Quercetin is a member of the flavonoids family, dietary antioxidants that are ubiquitously present in vegetables, fruit, tea and wine [17]. The daily Dutch intake has been estimated at several hundreds of mg/day [27] of which the subfamily flavones and flavonols to which quercetin belongs delivers up to 16 mg/day [27]. The most abundant flavonol is quercetin, representing 70% of this intake, which has been shown to act as a powerful phenolic antioxidant both in vitro and in vivo [17, 27]. By scavenging oxidants, quercetin can offer direct protection against both oxidative damage and inflammation, two key processes in the development of lung fibrosis. Indeed, we have already demonstrated that quercetin reduces markers of oxidative stress and inflammation in IPF and sarcoidosis [28, 29].

Additionally, quercetin may indirectly improve the antioxidant defense by increasing Nrf2-driven antioxidant production. Oxidants activate Nrf2 by oxidizing its inhibitory protein Keap1, after which Nrf2 is released and translocated to the nucleus [19, 30]. In the nucleus, Nrf2 binds to the antioxidant response element (ARE) and thus activates various antioxidant-genes including superoxide dismutase, glutathione peroxidase and heme oxygenase 1 [28, 30]. Interestingly, Nrf2 is suggested to be a specific target for phenolic antioxidants [30] presumably via its release from Keap1 upon thiol arylation [31]. In that way, quercetin will not only protect against a-specific damage caused by increased oxidant levels but will also further increase specific protection against these oxidants.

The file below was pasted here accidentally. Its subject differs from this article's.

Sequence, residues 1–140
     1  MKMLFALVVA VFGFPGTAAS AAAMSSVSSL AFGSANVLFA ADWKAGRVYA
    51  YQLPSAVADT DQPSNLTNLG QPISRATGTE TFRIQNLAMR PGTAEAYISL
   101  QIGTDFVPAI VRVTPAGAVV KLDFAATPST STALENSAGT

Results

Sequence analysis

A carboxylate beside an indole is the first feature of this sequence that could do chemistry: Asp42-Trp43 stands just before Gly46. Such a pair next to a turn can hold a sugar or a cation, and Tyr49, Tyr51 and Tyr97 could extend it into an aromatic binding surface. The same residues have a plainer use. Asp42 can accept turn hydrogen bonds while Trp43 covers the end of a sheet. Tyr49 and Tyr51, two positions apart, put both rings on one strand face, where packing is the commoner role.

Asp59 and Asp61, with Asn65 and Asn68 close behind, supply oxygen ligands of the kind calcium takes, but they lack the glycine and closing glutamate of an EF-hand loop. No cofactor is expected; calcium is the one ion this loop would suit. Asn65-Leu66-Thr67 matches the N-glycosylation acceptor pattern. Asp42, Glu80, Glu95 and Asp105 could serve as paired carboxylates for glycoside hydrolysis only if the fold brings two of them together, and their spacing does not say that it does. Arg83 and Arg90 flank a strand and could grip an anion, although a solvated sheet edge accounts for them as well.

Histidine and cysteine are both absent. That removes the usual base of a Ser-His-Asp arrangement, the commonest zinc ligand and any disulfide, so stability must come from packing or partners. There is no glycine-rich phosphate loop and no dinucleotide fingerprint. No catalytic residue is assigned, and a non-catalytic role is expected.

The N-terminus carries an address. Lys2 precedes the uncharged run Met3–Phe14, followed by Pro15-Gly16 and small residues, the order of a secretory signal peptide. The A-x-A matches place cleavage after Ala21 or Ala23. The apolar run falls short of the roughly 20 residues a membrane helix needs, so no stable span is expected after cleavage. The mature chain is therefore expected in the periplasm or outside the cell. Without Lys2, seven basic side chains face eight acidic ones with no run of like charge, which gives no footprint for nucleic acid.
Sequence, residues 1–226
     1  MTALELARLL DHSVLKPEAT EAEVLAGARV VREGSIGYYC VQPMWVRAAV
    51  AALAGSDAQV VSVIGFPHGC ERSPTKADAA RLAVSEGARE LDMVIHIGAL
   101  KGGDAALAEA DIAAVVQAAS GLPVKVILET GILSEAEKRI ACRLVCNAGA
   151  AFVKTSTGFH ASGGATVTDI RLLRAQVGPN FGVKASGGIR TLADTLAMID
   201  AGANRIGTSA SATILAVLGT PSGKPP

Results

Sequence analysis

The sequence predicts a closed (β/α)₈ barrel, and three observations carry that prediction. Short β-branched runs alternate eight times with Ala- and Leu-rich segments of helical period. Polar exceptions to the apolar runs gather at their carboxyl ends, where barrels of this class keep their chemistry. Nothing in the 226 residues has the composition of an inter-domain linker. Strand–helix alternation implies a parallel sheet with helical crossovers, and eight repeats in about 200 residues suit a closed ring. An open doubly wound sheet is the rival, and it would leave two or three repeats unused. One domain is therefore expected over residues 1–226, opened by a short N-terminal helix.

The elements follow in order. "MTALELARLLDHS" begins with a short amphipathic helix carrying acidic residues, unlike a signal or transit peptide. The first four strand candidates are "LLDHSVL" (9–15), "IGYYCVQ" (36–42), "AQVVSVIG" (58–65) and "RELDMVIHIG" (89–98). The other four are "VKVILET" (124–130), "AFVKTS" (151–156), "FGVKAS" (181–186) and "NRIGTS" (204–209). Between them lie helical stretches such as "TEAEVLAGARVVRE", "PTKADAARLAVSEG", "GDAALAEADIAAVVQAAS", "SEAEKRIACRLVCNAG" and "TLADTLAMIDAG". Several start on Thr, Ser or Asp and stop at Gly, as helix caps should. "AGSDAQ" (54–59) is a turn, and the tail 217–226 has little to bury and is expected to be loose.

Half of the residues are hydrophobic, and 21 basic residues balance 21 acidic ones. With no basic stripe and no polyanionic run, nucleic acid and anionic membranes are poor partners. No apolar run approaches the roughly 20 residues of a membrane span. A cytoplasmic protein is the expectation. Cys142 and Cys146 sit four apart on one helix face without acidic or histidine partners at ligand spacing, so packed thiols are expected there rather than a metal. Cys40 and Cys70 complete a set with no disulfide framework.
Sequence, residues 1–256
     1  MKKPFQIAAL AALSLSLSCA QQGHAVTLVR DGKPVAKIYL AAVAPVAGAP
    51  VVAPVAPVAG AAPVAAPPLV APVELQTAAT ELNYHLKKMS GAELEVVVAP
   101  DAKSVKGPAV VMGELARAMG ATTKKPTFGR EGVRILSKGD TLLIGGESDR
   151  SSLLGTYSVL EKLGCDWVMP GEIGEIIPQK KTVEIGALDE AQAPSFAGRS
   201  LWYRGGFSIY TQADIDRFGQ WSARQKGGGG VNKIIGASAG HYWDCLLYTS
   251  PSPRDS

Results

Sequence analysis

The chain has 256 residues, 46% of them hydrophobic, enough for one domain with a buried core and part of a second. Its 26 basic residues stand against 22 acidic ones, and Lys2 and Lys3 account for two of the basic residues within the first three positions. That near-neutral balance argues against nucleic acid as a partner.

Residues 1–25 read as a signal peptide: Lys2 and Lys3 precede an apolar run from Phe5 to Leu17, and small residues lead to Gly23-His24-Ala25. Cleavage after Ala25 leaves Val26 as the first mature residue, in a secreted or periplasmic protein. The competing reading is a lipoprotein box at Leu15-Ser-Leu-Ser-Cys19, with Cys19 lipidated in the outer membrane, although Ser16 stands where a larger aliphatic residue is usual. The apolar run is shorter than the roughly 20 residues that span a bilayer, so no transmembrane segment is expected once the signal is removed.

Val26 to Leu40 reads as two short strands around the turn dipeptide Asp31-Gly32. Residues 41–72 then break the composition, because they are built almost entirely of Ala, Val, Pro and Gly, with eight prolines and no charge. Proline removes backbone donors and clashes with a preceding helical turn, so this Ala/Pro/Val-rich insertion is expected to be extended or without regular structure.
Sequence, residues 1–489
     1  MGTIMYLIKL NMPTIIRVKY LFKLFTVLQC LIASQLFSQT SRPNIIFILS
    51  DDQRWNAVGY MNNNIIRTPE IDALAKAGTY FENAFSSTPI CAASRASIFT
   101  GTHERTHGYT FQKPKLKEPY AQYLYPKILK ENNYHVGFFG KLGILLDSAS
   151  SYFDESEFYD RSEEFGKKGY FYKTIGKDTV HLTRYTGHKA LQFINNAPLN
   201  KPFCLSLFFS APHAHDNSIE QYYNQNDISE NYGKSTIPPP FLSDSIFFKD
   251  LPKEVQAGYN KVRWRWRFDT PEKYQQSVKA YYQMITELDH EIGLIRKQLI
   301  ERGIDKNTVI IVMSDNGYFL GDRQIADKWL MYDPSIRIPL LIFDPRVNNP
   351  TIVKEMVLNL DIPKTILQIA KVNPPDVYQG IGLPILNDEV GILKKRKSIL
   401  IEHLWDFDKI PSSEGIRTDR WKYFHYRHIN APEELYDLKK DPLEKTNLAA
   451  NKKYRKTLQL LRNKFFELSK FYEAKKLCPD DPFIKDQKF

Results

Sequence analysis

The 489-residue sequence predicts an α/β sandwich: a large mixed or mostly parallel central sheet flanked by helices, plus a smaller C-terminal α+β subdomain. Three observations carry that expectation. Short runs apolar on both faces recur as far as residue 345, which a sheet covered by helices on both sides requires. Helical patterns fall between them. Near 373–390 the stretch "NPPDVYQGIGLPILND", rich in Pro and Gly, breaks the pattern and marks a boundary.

The aim of our study was to investigate if the dietary antioxidant quercetin can exert anti-fibrotic effects in a mouse model of bleomycin-induced pulmonary fibrogenesis through Nrf2-dependent restoration of redox imbalance.

Methods

Mouse model